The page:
A morphosyntactic analysis of mood in dholuo; The minimalist
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This study is a morphosyntactic analysis of mood in Dholuo. It also examines the content of the VP and role of tone in Dholuo mood constructions. The study sets out to find out how Dholuo mood is expressed, the modal structure and how it is affected by feature checking under Chomsky's minimalist program (1995). Chapter one discusses the background to the language of the study, states the problem and objectives of the study, outlines the hypotheses, rationale and the theoretical framework of the minimalist program, and discusses the literature review and methodology. Chapter two discusses the categories of Dholuo mood and possible word formation processes of inflection and derivation realized on the auxiliary. Chapter three discusses the mood morpho logy to determine its morpho syntactic functions in the Minimalist program. The modal auxiliary, which precedes the main verb in a construction, is inserted into its base position in the VP. The inflectional nodes are for feature checking. Chomsky (1993) states that morphology plays an important role in the new theory. The operations in the computational system are driven by morphological and lexical necessity. The amount of movement that takes place in the structure building depends on how rich or weak the morphology of a language is. The study concludes that this theory accounts for the features present in the Dholuo mood system with modifications to cater for the feature checking of Dholuo mood in terms of creation of a head for mood and aspectual tone for the auxiliary that derives from a noun, or tonal distinction where an auxiliary is used together with the verb from which it derives. This is in line with the idea that the minimalist program is based on feature checking and structure building; both processes are morphologically or lexically driven. The features build the structure. Morphemes are moved out of the lexicon to build the structure.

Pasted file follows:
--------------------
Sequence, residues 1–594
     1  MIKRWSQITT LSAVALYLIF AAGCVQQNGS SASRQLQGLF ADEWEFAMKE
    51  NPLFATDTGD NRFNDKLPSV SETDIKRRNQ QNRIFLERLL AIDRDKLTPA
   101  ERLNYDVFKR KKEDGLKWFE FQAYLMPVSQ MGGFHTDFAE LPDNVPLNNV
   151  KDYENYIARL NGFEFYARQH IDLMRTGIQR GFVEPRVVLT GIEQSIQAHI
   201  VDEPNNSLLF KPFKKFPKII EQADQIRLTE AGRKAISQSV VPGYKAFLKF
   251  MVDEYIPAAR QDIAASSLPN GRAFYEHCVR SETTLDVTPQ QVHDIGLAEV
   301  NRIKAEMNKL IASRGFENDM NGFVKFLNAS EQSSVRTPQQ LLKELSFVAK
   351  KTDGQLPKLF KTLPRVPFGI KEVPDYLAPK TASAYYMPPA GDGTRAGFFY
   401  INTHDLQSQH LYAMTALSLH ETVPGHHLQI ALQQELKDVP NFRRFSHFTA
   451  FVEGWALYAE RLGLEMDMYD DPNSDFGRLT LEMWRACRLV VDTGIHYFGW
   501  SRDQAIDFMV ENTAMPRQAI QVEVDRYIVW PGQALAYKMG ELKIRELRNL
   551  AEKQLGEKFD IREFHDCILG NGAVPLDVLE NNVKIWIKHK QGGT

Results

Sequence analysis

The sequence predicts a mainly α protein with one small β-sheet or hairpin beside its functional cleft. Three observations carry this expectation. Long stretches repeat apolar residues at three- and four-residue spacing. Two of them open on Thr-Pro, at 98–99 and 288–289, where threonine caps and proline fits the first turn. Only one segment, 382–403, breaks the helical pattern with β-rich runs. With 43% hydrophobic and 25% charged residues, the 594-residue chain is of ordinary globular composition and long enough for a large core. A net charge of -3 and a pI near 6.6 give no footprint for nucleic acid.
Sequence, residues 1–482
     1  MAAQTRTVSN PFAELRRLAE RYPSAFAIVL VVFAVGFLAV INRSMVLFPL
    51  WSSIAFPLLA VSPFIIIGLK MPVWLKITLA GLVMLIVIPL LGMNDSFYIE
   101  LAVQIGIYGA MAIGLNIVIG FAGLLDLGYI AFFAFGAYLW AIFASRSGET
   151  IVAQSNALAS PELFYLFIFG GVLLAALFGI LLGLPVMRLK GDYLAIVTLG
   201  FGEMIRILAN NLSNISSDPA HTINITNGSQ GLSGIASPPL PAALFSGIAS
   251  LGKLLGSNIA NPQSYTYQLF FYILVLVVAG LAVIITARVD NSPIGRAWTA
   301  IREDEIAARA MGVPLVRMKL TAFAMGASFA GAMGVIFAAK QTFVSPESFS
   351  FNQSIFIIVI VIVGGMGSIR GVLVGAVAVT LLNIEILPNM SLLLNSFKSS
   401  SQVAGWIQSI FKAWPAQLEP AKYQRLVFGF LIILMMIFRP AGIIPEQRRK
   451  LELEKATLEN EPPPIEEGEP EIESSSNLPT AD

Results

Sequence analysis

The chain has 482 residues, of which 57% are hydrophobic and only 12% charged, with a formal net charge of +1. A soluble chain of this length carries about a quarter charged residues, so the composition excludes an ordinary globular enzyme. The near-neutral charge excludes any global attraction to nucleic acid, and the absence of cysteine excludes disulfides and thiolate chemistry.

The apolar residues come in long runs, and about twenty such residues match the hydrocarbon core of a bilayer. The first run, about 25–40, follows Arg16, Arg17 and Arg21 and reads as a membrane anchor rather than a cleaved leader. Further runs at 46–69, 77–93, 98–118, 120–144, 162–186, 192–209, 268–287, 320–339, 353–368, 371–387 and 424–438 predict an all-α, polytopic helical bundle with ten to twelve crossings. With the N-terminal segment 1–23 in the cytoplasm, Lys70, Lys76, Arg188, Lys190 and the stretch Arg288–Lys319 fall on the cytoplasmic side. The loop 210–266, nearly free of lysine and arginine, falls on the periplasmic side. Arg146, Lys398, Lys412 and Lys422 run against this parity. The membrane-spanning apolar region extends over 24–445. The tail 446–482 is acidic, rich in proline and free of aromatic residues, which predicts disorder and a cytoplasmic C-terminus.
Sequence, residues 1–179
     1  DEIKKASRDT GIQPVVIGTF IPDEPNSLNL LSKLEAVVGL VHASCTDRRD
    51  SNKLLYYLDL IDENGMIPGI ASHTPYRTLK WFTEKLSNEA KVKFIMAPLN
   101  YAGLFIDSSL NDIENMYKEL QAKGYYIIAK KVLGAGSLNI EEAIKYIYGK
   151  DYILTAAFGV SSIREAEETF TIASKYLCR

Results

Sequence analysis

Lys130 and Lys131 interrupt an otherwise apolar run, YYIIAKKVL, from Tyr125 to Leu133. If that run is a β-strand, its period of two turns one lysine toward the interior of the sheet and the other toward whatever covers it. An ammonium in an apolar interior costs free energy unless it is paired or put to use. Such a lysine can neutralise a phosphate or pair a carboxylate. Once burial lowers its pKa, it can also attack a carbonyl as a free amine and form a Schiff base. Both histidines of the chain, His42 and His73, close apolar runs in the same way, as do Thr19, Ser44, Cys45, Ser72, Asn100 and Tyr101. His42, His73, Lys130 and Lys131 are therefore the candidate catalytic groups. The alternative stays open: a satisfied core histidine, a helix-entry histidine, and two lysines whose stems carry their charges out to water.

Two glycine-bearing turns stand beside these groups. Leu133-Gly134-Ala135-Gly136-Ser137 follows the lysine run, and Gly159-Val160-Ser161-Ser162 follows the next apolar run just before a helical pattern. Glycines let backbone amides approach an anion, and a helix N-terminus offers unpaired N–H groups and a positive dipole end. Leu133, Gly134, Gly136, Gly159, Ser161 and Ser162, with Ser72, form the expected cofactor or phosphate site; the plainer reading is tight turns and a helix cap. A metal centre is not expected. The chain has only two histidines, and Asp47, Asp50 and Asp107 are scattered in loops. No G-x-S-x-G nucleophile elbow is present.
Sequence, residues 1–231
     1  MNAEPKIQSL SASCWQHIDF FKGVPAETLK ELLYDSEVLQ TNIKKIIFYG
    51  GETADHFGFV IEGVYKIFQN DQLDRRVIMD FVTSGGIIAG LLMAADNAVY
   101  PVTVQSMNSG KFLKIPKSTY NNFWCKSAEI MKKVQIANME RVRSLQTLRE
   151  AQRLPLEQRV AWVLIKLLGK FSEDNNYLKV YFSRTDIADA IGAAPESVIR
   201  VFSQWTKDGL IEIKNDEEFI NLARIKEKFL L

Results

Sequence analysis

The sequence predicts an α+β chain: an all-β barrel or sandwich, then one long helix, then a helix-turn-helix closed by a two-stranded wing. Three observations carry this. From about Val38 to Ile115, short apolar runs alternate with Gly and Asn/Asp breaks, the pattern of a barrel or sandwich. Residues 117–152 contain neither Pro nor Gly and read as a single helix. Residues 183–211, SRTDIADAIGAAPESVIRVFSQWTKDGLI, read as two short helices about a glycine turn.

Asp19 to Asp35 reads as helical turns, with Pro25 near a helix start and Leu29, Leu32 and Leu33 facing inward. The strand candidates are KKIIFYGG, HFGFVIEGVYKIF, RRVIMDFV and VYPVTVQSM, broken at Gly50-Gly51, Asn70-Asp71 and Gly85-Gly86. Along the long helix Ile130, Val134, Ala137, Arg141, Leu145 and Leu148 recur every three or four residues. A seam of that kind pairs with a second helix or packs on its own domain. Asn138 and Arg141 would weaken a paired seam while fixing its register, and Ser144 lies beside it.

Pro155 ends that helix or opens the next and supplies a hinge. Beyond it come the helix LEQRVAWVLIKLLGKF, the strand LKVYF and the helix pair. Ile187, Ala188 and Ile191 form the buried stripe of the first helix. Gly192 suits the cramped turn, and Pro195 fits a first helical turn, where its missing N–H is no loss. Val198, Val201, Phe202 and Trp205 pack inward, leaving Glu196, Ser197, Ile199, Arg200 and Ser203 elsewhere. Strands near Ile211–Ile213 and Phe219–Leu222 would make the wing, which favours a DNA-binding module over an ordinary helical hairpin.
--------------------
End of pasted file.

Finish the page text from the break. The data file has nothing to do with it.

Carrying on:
CitationMaster of Arts
University of Nairobi.Department of Linguistics and Languages